As far as fast-food salad goes, Wendy’s (WEN) considers itself a leader. The burger chain added two salads to the permanent menu in March—Asian Cashew Chicken Salad and BBQ Ranch Chicken Salad—and for the summer it’s offering a strawberry salad. In an earnings call earlier this month, Wendy’s chief executive, Emil Brolick, named these leafy dishes among things that helped boost its same store sales by 3.3 percent in the second quarter.
Such news might lead one to think that a veg-olution is going on in fast food. Viva la salad. But data from researcher NPD show that salad remains a small part of restaurant sales. This is especially true at burger fast-food chains, where in the 12 months ended June, only 2.3 percent of orders included a salad main dish, and 1.3 percent of orders included a side salad. That’s a lower rate than in all fast-food restaurants and in restaurants overall. It equals almost 500 million burger restaurant orders with main or side salads.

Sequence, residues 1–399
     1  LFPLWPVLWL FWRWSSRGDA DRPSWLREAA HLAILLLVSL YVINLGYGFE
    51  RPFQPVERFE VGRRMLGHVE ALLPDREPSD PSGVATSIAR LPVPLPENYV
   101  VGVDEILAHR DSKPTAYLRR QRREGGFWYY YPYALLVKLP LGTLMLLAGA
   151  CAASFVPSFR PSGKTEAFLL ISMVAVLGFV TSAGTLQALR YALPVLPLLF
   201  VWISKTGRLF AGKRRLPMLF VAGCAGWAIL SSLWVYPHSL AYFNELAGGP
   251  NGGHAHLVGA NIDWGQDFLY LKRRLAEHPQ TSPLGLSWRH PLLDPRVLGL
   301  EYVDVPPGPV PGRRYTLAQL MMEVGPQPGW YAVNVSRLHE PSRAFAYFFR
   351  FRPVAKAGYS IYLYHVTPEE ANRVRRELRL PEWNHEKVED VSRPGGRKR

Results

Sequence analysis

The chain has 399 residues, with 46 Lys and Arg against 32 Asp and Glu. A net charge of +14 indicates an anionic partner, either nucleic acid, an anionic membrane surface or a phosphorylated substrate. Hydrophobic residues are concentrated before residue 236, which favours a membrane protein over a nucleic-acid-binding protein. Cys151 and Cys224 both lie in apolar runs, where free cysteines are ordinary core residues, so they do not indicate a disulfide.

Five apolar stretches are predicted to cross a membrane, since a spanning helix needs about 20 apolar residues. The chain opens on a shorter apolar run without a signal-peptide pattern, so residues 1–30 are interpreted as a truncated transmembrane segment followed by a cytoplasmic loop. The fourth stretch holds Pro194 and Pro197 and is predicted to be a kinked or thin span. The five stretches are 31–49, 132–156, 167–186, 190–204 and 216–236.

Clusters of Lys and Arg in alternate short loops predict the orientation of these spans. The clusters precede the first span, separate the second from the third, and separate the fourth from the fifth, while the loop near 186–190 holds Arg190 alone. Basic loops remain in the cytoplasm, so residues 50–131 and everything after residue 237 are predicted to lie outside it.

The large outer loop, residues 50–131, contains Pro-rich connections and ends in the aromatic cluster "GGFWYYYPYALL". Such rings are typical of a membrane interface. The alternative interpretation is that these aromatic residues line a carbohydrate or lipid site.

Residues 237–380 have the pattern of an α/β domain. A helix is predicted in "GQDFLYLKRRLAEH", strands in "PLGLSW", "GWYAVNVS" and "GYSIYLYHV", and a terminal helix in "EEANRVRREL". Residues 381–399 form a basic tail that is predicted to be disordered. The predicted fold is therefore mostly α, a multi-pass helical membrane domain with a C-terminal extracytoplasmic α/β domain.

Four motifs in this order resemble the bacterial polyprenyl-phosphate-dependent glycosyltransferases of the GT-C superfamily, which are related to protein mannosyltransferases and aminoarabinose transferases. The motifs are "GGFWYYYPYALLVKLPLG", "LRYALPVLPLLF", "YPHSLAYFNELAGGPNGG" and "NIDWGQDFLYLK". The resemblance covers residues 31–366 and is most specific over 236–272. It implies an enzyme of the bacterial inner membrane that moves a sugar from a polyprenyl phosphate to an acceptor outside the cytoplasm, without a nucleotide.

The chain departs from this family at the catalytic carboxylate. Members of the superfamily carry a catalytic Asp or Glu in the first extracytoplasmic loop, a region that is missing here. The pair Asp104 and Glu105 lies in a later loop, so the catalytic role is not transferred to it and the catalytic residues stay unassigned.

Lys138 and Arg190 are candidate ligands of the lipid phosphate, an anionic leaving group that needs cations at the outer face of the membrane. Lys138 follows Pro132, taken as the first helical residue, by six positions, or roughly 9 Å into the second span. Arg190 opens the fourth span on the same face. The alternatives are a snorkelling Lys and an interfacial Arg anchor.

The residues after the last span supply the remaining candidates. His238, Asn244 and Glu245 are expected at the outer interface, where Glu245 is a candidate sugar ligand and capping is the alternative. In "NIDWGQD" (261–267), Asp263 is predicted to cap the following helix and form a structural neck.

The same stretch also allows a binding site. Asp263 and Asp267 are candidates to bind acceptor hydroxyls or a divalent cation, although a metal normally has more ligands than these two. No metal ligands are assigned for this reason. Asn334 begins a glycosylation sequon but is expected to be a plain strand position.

Wendy’s would not provide data about the share of its sales coming from salad but tells Businessweek.com that the figure is higher than at burger restaurants in general.
Salad sales started to rebound only in the past year, thanks primarily to an uptick in side salads, the NPD statistics indicate. Wendy’s main salad sales increased 5 percent in the 12 months ended May, according to the company.
NPD predicts salad consumption will increase with Gen Z (newborns to those age 23). Based on current trends, the future of burger chain salad likely lies in entrées. These customers prefer salads as their main dish, not as a side, because, let’s face it, even those trying to eat better still love fries.